Presurgical Treatment in HER2-positive Breast Cancer Achieves Significant Reduction in Disease

Treatment with the HER2-targeted drugs lapatinib and trastuzumab before surgery and chemotherapy led to significant shrinkage or disappearance of the tumors in approximately one-quarter of women with HER2-positive breast cancer. These findings were presented at the 10th European Breast Cancer Conference.1

"This has ground-breaking potential because it allows us to identify a group of patients who, within 11 days, have had their tumors disappear with anti-HER2 therapy alone and who potentially may not require subsequent chemotherapy. This offers the opportunity to tailor treatment for each individual woman," said Professor Nigel Bundred, MD, FRCS, professor of Surgical Oncology at The University of Manchester and the University Hospital of South Manchester NHS Foundation Trust in the United Kingdom.

This multicenter clinical trial, known as EPHOS-B, recruited 257 women with newly diagnosed, operable, HER2-positive disease between November 2010 and September 2015. In the first part of the trial, 130 women were randomized to receive no preoperative treatment (control group), or trastuzumab (Herceptin) only, or lapatinib (Tyverb) only, for 11 days after diagnosis and before surgery.

However, emerging evidence led to an amendment so that, from August 2013 on, the next 127 women were randomized to the control group, or to receive trastuzumab only, or the combination treatment. For both parts of the trial, the women continued to receive standard of care treatment after surgery.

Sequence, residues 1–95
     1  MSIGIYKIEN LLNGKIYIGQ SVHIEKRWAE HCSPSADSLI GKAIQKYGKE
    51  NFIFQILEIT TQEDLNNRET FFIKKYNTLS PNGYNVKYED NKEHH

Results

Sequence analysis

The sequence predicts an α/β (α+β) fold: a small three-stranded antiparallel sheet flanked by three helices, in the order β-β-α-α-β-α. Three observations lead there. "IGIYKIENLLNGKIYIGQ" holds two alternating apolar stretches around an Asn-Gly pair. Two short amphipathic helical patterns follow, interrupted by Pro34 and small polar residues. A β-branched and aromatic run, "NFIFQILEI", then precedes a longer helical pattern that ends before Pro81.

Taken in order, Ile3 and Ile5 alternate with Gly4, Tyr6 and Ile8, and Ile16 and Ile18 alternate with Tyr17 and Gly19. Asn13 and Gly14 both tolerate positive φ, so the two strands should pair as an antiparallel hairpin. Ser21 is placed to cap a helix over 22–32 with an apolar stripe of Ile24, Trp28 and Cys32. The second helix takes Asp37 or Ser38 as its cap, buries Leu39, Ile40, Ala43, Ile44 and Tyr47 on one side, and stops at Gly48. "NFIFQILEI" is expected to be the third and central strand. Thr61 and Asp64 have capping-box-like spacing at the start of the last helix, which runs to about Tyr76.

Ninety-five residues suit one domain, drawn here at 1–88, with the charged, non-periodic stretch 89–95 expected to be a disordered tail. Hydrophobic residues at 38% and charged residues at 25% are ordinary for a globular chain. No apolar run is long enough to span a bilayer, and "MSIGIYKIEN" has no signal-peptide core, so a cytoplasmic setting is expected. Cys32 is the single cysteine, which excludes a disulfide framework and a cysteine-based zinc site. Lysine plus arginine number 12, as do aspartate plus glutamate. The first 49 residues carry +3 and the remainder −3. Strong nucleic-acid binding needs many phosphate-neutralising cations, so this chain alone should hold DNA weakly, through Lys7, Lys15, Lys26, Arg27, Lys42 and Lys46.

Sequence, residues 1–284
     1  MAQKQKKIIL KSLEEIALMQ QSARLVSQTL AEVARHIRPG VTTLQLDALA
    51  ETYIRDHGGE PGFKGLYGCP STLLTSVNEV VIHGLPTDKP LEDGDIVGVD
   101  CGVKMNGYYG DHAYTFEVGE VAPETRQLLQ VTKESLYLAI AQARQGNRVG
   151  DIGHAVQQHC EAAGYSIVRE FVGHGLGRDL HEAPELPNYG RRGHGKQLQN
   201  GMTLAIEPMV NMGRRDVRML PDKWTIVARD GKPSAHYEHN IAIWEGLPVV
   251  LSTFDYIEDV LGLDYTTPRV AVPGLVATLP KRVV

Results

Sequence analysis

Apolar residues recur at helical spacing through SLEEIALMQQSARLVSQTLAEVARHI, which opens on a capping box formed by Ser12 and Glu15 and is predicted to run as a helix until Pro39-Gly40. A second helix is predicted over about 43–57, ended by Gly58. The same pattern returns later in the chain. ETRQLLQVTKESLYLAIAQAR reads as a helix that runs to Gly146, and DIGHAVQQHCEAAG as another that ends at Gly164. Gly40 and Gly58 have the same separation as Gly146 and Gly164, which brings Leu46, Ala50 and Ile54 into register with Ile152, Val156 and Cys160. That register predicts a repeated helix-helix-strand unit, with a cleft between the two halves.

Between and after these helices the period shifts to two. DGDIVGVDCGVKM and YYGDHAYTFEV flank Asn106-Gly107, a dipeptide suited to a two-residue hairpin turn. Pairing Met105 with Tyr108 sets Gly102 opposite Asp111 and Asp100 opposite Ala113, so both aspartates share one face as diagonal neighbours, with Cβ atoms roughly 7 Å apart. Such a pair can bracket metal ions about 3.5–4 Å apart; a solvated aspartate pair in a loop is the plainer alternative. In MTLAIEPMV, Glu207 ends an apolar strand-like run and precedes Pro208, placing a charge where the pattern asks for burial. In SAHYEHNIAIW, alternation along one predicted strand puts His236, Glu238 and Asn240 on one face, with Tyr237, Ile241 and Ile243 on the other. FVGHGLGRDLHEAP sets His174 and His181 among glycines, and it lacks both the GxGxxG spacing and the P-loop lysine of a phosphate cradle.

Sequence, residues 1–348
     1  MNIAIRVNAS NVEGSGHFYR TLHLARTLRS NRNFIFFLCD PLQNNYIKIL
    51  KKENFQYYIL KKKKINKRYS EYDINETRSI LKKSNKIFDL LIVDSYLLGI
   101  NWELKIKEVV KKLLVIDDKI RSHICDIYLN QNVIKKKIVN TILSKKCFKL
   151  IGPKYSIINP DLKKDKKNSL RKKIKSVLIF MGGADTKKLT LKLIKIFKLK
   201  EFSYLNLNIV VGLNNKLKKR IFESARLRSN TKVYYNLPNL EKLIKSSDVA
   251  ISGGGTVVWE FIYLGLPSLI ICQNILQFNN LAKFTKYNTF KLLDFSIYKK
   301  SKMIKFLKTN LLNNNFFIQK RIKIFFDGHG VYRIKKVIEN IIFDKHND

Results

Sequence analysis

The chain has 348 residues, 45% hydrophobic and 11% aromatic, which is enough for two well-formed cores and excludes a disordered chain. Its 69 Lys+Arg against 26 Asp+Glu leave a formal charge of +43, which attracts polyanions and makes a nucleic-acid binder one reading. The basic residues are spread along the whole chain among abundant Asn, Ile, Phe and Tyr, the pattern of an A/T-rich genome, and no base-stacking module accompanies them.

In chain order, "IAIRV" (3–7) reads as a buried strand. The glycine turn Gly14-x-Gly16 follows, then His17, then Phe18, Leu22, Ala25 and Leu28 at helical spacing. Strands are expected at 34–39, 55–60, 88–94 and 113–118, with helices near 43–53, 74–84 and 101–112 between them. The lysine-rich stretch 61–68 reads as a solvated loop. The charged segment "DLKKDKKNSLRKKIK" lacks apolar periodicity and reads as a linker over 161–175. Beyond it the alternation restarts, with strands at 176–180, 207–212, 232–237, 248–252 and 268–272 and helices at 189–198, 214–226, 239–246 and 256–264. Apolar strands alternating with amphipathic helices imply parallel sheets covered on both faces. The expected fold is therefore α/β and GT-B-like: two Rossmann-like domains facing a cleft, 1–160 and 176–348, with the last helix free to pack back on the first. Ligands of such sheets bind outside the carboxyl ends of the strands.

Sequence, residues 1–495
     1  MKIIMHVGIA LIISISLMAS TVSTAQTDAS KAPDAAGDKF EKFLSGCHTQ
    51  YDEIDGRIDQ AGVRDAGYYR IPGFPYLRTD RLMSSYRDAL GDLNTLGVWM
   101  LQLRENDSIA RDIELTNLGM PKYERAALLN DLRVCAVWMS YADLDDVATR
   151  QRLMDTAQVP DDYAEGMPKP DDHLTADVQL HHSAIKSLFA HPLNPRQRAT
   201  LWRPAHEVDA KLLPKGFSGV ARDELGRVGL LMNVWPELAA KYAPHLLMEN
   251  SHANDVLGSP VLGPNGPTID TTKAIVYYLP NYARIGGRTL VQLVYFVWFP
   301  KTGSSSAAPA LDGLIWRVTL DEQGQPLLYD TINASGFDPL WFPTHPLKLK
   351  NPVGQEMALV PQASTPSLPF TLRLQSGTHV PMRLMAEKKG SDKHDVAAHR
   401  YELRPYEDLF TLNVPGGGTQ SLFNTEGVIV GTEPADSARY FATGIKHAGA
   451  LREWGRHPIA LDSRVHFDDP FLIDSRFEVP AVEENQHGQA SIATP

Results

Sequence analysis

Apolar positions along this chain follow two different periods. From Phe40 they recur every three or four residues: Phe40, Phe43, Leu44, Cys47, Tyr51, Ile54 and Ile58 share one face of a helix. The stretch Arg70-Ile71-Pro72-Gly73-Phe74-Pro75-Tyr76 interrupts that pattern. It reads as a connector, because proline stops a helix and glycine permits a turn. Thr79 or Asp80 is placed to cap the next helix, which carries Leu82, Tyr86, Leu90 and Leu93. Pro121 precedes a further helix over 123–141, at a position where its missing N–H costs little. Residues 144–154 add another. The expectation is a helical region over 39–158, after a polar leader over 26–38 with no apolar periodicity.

Samples of tumor tissues were compared from the first biopsy and from surgery. The comparison looked for a drop in the Ki67 protein, an indicator of cell proliferation, or for a rise in apoptosis of 30% or more from the time of the first biopsy.

The second part of the trial indicated that, among women who received the combination treatment, 11% had a pathologic complete response and 17% had minimal residual disease. In contrast, among women who received only trastuzumab, 0% had a pathologic complete response and 3% had minimal residual disease, while none had either response in the control group. The responses in the group that received the combination treatment included women who had presented with stage II disease.

"These results show that we can get an early indication of pathological response within 11 days, in the absence of chemotherapy, in these patients on combination treatment. Most previous trials have only looked at the pathological response after several months of treatment,” said Professor Judith Bliss, MSc, lead researcher from The Institute of Cancer Research, London, United Kingdom, and co-leader of the trial.

"Clearly these results need further confirmation, but I suspect the excitement from seeing the speed of disappearance of the tumors will mean that several trials will attempt to confirm these results."

So far, EPHOS-B is the only trial that has investigated giving combination treatment alone, without chemotherapy, in the two weeks between diagnosis and routine surgery. Bundred explained that treatment while waiting for surgery has the potential to identify a group of patients whose disease is particularly sensitive to anti-HER2 therapy.

REFERENCE

1. Bundred N, Cameron D, Armstrong A, et al. Effects of perioperative lapatinib and trastuzumab, alone and in combination, in early HER2+ breast cancer − the UK EPHOS-B trial (CRUK/08/002). Clinical science symposium presented at: 10th European Breast Cancer Conference; March 9-11, 2016; Amsterdam, The Netherlands. Abstract 6LBA.

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